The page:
by Judith Curry
The latest analysis of sea ice extent by the NSIDC shows that early June sea ice extent is lower than corresponding 2007 value. A recent article at Yale360 discusses how as Arctic sea ice retreats, storms take toll on the land.
For background info on Arctic sea ice, see this previous thread pondering the Arctic Ocean.
For background on storm surges on the Arctic coast, see this previous paper by Lynch et al. that I coauthored entitled “Towards an integrated assessment of the impacts of extreme wind events on Barrow, Alaska”.
Some excerpts from the Yale360 article:
A recent study conducted by Benjamin Jones of the U.S. Geological Survey found that a 40-mile stretch of Alaska coastline along the Beaufort Sea
One stretch of Alaska coastline lost 28 feet of land per year between 2002 and 2007.
retreated an average of 6.8 meters (22 feet) per year between 1955 and 1979; over the next 23 years, that rate increased by another six feet per year. The low-lying coastline then lost 28 feet of land per year between 2002 and 2007, and 45 feet between 2008 and 2009. These extreme losses are due not only to greater exposure of the land to storms from an increasingly ice-free Arctic, but also to melting permafrost that hastens crumbling of the coastline.
A study published last month showed another insidious impact of the growing number of Arctic storm surges. Canadian scientists researched the effects of a massive surge of seawater from the Beaufort Sea that in 1999 pushed 12 miles inland along the Mackenzie River delta in Canada’s western Arctic, flooding lakes, streams, and hundreds of square kilometers of tundra vegetation. The effect of that influx of seawater into the delta transformed the affected areas, killing nearly 90 percent of the alders, which shriveled in the now-salty soil. In addition, scientists documented a dramatic increase in a salt-loving algae — Navicula salinarum — in one inland lake, suggesting that the freshwater system affected by the flooding was being transformed into a new, more saline ecosystem.
To date, the surges have been most intensely felt in northwestern Canada and northeast Alaska, where winds blowing over ice-free water in the summer can create large storm surges. These surges are particularly bad in the Beaufort and Chukchi seas and parts of the Bering Sea because of the shallow water there. The water being pushed towards shore has to go somewhere. If it is deep, the water can simply descend to greater depths when it nears the coast. If it is shallow, however, the water is forced up onto the land.
The impact of this relatively warm, salty water coming onto shore is exacerbated by the fact that 50 to 70 percent of the soil consists of frozen water — a “dirty iceberg,” as geomorphologist Robert Anderson of the University of Colorado at Boulder describes it. Once it comes into contact with the warmer water, it falls apart and slips into the sea.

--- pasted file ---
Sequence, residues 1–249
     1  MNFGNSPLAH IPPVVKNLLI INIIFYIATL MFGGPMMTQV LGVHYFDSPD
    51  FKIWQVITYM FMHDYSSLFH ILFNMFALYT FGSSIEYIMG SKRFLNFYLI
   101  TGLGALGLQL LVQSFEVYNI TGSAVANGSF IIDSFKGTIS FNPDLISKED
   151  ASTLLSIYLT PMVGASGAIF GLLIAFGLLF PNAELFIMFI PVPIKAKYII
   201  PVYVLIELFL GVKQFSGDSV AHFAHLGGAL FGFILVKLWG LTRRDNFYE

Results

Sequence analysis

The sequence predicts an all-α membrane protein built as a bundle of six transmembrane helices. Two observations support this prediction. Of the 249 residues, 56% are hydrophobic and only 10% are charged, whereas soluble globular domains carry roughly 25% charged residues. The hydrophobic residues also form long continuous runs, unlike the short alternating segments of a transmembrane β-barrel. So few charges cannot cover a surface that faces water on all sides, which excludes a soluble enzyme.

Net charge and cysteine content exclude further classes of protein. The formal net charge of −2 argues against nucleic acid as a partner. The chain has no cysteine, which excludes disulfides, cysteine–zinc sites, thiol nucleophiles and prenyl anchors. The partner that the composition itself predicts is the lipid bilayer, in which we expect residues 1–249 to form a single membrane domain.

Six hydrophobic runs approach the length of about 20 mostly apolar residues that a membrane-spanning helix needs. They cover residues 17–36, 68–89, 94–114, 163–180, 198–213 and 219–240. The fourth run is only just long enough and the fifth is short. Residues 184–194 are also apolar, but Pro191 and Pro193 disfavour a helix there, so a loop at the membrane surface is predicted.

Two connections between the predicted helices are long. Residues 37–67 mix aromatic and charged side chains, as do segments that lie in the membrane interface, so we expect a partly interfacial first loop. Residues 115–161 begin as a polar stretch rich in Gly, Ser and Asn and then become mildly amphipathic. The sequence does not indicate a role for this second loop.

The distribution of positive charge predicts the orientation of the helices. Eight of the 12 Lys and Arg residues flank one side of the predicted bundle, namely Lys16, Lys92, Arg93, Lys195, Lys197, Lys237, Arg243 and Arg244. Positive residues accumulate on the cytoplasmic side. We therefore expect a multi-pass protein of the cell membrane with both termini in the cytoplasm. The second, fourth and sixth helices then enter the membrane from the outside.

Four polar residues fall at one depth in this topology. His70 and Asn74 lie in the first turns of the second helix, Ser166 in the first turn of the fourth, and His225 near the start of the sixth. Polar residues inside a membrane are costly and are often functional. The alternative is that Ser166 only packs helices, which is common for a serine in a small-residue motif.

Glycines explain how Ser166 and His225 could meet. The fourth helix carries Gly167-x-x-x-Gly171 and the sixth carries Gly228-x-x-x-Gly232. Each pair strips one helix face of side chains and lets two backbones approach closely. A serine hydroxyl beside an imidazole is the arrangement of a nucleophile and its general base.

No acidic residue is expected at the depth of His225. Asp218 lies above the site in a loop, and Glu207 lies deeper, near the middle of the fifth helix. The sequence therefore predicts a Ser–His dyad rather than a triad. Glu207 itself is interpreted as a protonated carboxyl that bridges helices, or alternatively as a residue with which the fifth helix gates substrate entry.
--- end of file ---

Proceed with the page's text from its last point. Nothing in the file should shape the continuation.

Anderson and other researchers believe that as the Arctic Ocean becomes increasingly ice-free, storm surges will affect ever-larger areas of shoreline in the Arctic basin, including Russia’s immense Arctic coastline, which stretches many thousands of miles. “No other coastal landscape in the world is as vulnerable,” says Anderson, who has a research camp on the north coast of Alaska between Barrow and Prudhoe bays. “From the western Arctic of Canada to the north slope of Alaska and Siberia, the landscape is very flat. When you fly over this territory, you can see how even the smallest surges can have an impact when there is little or no sea ice.”
In addition to the ecosystem issues documented by the Yale360 paper, the Lynch et al. paper documents two case study storms in 1963 and 2000, and the impacts to the coast, buildings, utilities infrastructure, and transportation.
Community vulnerability has increased over the decades with community modernization, which includes increased structures, electricity and telephone lines above ground, the underground water and sewage utilidor, and natural gas pipelines. In addition, the diversity of storms and their impacts on Barrow in the past implies that policies to reduce community vulnerabilities cannot anticipate in suffi- cient detail major storms of the future. Hence, resil- ience is necessary to expedite recovery from impacts of a severe storm, and flexibility is necessary to accom- modate what is learned from each storm to reduce vulnerabilities over the long term.
JC comments: Whereas storm surge risk is generally associated with tropical storms, arguably the greatest risk storm surge risk is on the Arctic Ocean coast. Open water in autumn associated with reduced sea ice extent provides fertile ground for the development of polar low storms in the Arctic Ocean, which can have very high wind speeds and result in substantial storm surges. Storm surges along the Arctic coast cause substantial erosion of the ground which is characterized by permafrost. Apart from the loss of land, the erosion of permafrost puts methane into the atmosphere, a greenhouse gas.
The Arctic Ocean coast is home to numerous villages, predominantly inhabited by Inuit (this one is for Martha). The villages are located on the coast to provide proximity to marine resources. One coastal village, Shishmaref, is trying to obtain funds to move the entire village.
In addition to the vulnerable coastal villages, offshore resource extraction activities and coastal refining activities are vulnerable to winds, high seas and storm surge particularly in autumn, a time that historically has had landfast ice protecting the coast.
As discussed on the previous Arctic sea ice thread, the attribution of the decline in Arctic sea ice extent is not straightforward, it is some combination of natural climate variability and greenhouse warming.